Sat. Jan 22nd, 2022

The Securities and Exchange Commission and the New Jersey U.S. attorney’s office have charged the ex-chief financial officer of pharmaceutical company Immunomedics Inc. and his former romantic partner with insider trading.

The former finance chief,

Usama Malik,

47 years old, and Lauren S. Wood, 33, were living together in April 2020 when Mr. Malik learned that the Food and Drug Administration would allow publicly traded Immunomedics to halt a clinical trial for a breast-cancer drug because trial data showed the drug was effective, the New Jersey U.S. attorney’s office said Thursday.

The authorities allege that Mr. Malik tipped off Ms. Wood and three of his relatives about the FDA’s move before Immunomedics announced it. Mr. Malik was subject to a trading blackout that barred him or anyone in his household from buying the company’s stock.

Mr. Malik and Ms. Wood were both arrested Wednesday, the New Jersey U.S. attorney’s office said. Lawyers for the two couldn’t immediately be located.

Fore Biotherapeutics, a biotechnology company focused on cancer drugs, said Thursday that it had fired Mr. Malik as its chief executive.

Mr. Malik was CFO of Immunomedics, based in Morris Plains, N.J., from 2018 until October 2020, the authorities said. Ms. Wood was Immunomedics’s head of corporate communications from 2018 to 2019, according to her LinkedIn profile.

In December 2019, Mr. Malik wired about $65,000 to Ms. Wood, according to a criminal complaint filed in a federal court in New Jersey. On or about that same day, which was around the time Ms. Wood left Immunomedics, she exercised her stock options, using the money to help her purchase about $73,000 in the company’s shares, according to the complaint.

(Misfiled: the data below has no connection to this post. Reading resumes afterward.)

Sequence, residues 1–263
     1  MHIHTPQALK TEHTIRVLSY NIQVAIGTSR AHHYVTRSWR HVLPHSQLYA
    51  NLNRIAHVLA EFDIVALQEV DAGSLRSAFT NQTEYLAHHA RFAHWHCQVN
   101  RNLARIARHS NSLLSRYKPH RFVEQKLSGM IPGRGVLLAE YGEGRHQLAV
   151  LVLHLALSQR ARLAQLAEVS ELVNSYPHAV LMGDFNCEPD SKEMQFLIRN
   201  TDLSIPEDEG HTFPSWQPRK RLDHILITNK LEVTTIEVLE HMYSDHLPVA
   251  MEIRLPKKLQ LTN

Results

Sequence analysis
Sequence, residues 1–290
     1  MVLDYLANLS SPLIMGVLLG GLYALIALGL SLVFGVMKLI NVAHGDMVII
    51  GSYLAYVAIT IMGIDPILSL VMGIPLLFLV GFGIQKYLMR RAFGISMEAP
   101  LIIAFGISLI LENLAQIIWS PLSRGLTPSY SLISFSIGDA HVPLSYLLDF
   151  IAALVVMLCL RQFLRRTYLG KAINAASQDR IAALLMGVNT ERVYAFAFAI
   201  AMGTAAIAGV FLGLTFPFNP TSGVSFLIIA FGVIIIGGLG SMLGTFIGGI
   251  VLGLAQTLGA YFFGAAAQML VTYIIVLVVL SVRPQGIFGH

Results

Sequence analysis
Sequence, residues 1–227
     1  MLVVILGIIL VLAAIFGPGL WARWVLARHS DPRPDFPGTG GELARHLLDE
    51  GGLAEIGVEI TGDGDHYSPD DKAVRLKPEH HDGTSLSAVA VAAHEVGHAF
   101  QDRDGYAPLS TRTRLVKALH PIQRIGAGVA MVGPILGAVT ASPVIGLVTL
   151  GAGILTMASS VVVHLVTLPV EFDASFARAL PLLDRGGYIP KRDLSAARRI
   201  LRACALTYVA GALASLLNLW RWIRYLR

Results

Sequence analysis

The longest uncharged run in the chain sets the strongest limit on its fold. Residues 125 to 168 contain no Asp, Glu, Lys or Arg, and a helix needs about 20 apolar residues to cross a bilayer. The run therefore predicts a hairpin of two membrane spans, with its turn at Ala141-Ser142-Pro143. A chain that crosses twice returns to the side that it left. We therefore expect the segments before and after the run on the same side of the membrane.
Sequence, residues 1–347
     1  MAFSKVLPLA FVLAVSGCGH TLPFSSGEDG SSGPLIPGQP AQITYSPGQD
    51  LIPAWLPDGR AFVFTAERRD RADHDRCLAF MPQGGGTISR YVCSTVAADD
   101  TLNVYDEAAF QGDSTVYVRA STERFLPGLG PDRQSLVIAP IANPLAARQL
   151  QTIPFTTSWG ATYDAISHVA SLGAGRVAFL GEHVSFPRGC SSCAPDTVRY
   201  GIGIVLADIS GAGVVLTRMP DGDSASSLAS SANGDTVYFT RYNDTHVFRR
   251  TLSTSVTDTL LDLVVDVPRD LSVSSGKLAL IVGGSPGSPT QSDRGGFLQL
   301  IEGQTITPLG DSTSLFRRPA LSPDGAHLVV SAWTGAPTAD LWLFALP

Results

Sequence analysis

In April 2020, Mr. Malik learned of the FDA’s decision and passed the information to Ms. Wood in a nine-second phone call, the criminal complaint said. The same day, Ms. Wood bought about $64,000 in Immunomedics stock, ultimately realizing more than $213,000 in profit.

In May 2020, Ms. Wood wrote a check to Mr. Malik for $65,000, mirroring the amount that he had paid her in December 2019. In the check’s memo line, she wrote “Home,” the complaint said.

The SEC’s complaint alleges that when Mr. Malik was asked about Ms. Wood’s trading by the Financial Industry Regulatory Authority, he didn’t identify her as his romantic partner and denied that he had communicated with her during the relevant period.

In September 2020,

Gilead Sciences Inc.

agreed to pay $21 billion to buy Immunomedics, a deal that closed in late October. A representative for Gilead declined to comment on the matter.

The count of securities fraud carries a potential penalty of 20 years in prison and a $5 million fine.

Write to David Smagalla at

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